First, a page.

There is an excellent review article on the greatest board game here. One could talk about the relationship between chess and its mini-version, life, for ever of course, but here are a few quotes from Sally Feldman’s article.
First, a depressing one, from the front line:
The event [the Iraq Chess Federation’s annual tournament] was especially significant since the influential Shia clergyman Grand Ayatollah Sistani had only just announced his belief that chess should be “absolutely forbidden”. And this is in the country where the modern game is believed to have originated – at the court of the Caliph Haroun al-Rashid in Baghdad ten centuries ago.
Then, an inconvenient truth: most of the best players have been Jewish. The article looks for a deterministic solution:
One explanation might be that chess is a remarkably adaptable, portable game, and therefore well suited to the dispossessed, the exile, the refugee, the prisoner.
But there are plenty of those around the world, so I prefer a more obvious answer, Jews are smarter than the rest of us, at least when it comes to chess.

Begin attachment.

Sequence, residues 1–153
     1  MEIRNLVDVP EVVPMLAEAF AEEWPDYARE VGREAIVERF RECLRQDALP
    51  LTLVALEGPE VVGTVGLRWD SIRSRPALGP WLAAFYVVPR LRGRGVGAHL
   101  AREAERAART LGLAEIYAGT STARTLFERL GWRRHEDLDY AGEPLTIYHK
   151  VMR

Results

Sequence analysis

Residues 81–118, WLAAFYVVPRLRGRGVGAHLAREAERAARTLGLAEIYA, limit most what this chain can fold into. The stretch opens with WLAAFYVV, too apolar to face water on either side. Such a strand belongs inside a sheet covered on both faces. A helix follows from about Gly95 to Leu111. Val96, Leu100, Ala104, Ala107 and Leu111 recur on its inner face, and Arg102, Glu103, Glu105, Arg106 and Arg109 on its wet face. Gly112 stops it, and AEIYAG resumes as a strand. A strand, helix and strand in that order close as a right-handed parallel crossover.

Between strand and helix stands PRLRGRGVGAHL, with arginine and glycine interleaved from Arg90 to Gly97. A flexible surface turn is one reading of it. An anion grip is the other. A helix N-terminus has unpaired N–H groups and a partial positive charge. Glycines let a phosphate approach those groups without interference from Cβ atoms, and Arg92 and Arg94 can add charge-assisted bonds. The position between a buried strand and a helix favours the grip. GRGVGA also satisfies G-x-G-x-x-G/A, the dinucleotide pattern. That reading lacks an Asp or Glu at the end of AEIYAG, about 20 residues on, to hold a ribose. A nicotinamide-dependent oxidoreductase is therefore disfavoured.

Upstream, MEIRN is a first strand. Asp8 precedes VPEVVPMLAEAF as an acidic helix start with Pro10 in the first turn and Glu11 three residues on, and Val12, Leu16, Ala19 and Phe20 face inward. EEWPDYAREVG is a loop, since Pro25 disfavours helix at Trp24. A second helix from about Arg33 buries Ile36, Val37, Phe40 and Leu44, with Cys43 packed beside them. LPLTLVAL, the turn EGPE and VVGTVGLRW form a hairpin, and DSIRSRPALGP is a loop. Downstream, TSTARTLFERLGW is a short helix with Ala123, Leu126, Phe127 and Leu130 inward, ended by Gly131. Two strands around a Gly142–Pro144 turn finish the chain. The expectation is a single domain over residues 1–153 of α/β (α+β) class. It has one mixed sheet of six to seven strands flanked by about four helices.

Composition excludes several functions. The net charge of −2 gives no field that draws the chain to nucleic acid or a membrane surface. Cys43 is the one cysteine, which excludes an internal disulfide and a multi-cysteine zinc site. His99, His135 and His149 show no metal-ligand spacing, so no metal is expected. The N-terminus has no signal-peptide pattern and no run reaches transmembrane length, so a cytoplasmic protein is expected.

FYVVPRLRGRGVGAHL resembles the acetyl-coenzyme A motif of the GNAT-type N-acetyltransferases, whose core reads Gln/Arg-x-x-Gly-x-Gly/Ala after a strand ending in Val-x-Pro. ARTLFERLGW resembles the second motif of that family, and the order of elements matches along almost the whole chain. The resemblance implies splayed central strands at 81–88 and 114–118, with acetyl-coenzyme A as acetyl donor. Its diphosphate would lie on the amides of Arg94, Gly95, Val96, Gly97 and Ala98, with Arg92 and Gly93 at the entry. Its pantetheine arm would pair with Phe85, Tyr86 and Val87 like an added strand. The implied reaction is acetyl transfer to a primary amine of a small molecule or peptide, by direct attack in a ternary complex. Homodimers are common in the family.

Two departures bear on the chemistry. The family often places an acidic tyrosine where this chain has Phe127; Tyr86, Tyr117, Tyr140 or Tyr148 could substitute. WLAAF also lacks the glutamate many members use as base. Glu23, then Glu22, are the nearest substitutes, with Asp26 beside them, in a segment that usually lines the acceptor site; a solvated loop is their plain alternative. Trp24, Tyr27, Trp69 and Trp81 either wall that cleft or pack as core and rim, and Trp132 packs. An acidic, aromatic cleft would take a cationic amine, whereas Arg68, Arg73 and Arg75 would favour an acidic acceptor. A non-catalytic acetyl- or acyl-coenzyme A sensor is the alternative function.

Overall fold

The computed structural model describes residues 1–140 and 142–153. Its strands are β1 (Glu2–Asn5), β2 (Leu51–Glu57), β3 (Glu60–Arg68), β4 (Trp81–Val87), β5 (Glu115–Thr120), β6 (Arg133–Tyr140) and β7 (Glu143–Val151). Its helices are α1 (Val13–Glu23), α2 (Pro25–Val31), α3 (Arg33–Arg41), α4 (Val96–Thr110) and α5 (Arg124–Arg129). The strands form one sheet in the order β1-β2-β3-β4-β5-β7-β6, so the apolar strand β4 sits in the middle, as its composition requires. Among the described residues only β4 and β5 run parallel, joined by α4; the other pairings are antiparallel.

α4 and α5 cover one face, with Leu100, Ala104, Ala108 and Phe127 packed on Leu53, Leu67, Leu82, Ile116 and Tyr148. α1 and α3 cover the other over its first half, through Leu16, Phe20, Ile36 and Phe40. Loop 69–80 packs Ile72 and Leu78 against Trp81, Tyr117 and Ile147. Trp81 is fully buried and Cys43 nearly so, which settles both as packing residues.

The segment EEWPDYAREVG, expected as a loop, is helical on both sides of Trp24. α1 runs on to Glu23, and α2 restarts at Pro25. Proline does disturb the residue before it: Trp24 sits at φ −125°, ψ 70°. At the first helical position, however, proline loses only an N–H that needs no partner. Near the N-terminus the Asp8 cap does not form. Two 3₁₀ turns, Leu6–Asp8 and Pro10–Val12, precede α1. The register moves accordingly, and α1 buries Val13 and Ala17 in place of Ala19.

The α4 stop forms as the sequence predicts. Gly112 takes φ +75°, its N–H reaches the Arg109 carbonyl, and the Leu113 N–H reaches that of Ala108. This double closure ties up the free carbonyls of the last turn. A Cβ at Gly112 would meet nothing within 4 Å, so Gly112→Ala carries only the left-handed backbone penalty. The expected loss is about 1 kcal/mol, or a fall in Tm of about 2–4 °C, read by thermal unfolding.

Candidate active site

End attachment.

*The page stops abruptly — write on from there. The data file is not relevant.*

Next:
Then there is this nice little anecdote:
John McVicar, the former train robber, recalled that when he was in prison he always looked forward to the conviction of tax evaders, spies and financial fraudsters, because they’d give a better game of chess.
Indeed. I’ll add a little of story of my own, which is that a couple of nights ago some friends and I were discussing the late film director, Stanley Kubrick. When I looked him up, I found that:
Kubrick's father taught him chess at age twelve; the game remained a life-long obsession…. [while in his teens] Kubrick supplemented his income playing "chess for quarters" in Washington Square Park and in various Manhattan chess clubs.
Funnily enough, Frayed and I stayed in Washington Square last Christmas and she bought me “Chessica”, a computer chess game (she’s not IBM’s Deep Blue, but she can easily dispose of me) from one of those same clubs).
Anyway, if you have an interest in the wonderful game of chess, do have a look at the article (and pay a visit to Washington Square one day).